Seeing the Goodness

 

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How are you doing?  I can imagine your days are filled with highs and lows, anxiety, coupled with feelings of joy, love, fear and worry, perhaps with moments of boredom in the mix, as you adapt to a new and different normal.

Uncertainty is stressful.  The world is facing an economic crisis and the coronavirus pandemic is the deadliest threat to ordinary life that we have experienced in modern history.  BUT we are experiencing this adversity collectively. We cannot let fear consume us.  We will get through this.  We will beat the virus.  The economy will bounce back.  We need to shift our fear into hope, faith and courage.

Be present.  Dig Deep.  Make choices with love, practice kindness, to yourself and others.  Be grateful.  We owe so much to the healthcare workers, doctors, nurses, hospital staff, truck drivers, grocery store clerks and everyone on the front lines who are working on our behalf.

This global pandemic is shifting us, shifting our daily lives, shifting our priorities and shifting the way we work, live and interact.  This is an unprecedented time for us globally.  Focus on your health, both physical and mental.  If you are experiencing anxiety, address it.  Self-care is essential during this time. Everything is upside down with most of the world forced to stay home.

These are dark days indeed, but I am seeing the goodness that is rising up around us.  We may be forced to be apart but we are coming together as one in so many new ways.

When the school systems closed down, their first concern was to make sure the children that relied on school lunches for food did not go hungry. (If you are able, consider making a gift to #nokidhungry.)  Only after local school systems figured out how to bag breakfasts and lunches and disseminate them safely did they focus on the learning.  Once they did, they offered chrome books for loan to the families that did not have computers at home, and internet providers were offering free wifi.

I worked for a decade trying to make change in the education system with the ArtScience Prize and it’s difficult.  We did a lot of good but shifting schools and systems to make big changes is very, very hard.  Yet in a matter of weeks, across the globe, education systems quickly shifted to remote learning almost overnight.  This will no doubt help us conceive new ways to educate equitably going forward.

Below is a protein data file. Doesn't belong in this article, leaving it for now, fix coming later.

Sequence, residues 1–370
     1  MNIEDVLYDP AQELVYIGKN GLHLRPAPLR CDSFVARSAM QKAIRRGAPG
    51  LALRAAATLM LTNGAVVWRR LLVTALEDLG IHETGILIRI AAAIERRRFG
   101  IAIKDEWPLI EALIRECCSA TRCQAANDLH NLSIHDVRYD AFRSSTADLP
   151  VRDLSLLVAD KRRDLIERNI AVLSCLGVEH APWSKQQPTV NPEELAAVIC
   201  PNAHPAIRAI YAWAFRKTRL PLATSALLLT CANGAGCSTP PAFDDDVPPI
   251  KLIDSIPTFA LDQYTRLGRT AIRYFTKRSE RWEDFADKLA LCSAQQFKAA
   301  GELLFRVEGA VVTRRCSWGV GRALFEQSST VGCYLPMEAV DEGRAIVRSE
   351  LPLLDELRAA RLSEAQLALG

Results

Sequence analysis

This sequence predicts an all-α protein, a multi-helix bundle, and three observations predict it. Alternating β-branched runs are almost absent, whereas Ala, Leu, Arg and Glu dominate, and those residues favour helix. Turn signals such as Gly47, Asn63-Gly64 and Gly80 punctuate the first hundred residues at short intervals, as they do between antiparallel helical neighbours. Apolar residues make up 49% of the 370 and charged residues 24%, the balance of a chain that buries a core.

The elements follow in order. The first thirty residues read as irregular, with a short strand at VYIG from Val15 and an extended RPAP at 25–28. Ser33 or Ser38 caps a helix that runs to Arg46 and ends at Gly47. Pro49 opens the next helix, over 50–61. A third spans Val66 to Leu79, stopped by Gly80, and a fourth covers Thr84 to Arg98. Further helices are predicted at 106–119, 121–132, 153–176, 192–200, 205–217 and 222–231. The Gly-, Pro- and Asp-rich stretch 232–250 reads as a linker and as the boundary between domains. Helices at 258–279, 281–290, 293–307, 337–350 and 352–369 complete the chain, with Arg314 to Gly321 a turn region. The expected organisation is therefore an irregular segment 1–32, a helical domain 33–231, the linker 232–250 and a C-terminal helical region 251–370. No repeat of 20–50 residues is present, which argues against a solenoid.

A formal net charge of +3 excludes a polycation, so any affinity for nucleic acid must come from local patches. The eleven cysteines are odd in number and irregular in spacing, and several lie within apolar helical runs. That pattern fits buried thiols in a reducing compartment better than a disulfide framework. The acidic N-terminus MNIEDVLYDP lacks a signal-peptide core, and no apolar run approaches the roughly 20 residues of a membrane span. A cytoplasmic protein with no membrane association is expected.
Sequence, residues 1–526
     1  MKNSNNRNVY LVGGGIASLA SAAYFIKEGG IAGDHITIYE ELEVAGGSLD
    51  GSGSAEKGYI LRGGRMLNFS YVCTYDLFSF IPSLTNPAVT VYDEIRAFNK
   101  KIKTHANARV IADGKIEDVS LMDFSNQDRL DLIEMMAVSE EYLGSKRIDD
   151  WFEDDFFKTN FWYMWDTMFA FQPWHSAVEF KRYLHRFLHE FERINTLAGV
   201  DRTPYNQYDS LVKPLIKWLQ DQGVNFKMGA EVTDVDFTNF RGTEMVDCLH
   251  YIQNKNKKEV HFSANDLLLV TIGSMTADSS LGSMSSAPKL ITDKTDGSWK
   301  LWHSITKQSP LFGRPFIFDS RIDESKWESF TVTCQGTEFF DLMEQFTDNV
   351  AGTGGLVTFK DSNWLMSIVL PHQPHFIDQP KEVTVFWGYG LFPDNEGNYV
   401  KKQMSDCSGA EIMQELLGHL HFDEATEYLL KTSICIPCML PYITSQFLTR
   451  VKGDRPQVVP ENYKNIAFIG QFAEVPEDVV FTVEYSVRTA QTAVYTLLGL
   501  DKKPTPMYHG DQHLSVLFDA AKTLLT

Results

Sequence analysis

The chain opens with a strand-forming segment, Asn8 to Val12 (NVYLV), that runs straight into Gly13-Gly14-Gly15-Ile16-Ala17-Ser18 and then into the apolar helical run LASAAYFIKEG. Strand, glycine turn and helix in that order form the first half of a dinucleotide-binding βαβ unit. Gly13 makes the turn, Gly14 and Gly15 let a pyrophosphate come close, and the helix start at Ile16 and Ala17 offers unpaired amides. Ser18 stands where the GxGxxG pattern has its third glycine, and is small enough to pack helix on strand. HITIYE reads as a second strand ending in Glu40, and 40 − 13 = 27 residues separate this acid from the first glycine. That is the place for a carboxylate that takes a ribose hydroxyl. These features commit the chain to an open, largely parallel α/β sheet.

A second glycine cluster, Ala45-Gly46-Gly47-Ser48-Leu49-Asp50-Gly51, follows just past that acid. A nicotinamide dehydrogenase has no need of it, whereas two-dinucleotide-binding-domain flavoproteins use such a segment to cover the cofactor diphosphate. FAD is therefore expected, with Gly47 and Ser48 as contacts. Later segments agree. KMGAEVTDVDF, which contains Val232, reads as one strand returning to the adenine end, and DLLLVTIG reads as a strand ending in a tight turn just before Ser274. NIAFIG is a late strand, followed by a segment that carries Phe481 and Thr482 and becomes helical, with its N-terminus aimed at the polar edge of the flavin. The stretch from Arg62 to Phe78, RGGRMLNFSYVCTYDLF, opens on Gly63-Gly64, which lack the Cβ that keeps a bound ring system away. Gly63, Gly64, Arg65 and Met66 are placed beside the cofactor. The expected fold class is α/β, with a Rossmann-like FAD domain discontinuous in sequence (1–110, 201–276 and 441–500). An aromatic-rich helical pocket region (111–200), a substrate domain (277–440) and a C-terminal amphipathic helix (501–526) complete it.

Across the US people of all ages are banding together to make face masks for our doctors, nurses, emergency care workers, truck drivers and grocery store workers.  People are gathering together in new ways both virtually and in person.  There are online social cocktail hours.  There are gatherings of neighborhoods from their balconies, windows and driveways in order to interact.

In Arlington, MA the community has launched 6 Feet at 6PM to connect as a community, visually and virtually, each evening at 6pm.  They are asking everyone to come out of their homes or look out their windows to wave to neighbors in an effort to check in with each other at a safe distance to make sure “we are all OK as a community.” #Arlington6At6

In Italy people are coming together for song from their windows and balconies, here is one hauntingly beautiful video.  One of the people who sang wrote “Imagine the whole world singing like this from their houses. No hate, no nothing. Just unified for once. Love this so much,”

Remember during this time filled with anxiety, it’s important to move your body, practice self care and eat healthy.   Yogaworks is offering free virtual yoga classes with teachers from across the US.  This morning I took a virtual class from an instructor in Atlanta and had others participating from India, Norway, Sweden, Texas and more.  86 people turned on their computers and practiced yoga at the same time.  Amazing.  You should try it.  If you are new to yoga, it’s ok there are classes for everyone.

This is also a time to try something new, alone or with your family.  Faer is painting every day and taking online piano lessons.  Ellie has taken up embroidery  and is creating beautiful things.  Alexander is learning new skateboard tricks.

Get creative.  Grab a book and read.  Listen to music.  Pull out your mixer and bake something.  Embrace this time with your immediate family and friends, whoever you are with during this time.  Connections are important.  Conversations are important, especially with our children to help them process this historic time with all of the ambiguity and unknowns.

It’s also important to get out in nature if you can safely do this.  Look at the clouds.  Watch the wind in the trees. Take a deep breath.  Listen to the birds.  Be happy that you are alive.

I’ll close with the same words the yoga instructor said this morning as she ended class:

May you be happy.  May you be healthy.  May you prosper in ways that bring you joy.  May we all be free.  I love you. Namaste.

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Carrie Allen created this site as a way for people to share stories about things they love.  She loves chasing quiet, authentic moments and sharing them with her family and friends.  Read more about her inspiration here. 

Randi Mail – Cycling Passion

My hands grip the handlebars, palms pressing down on the cushions of my fingerless gloves. My back is straight, but I lean forward facing the wind. The steady breeze in my face increases as my speed rises. I begin down the path along the river. “Hi Charles” I usually say aloud, with a big grin. I shoot a flirtatious glance at the water, its velvety and rippling surface laps at the shore. Might catch a hot pink or bright yellow duck boat or the mini sailboats in the distance out of the corner of my eye as I ride along.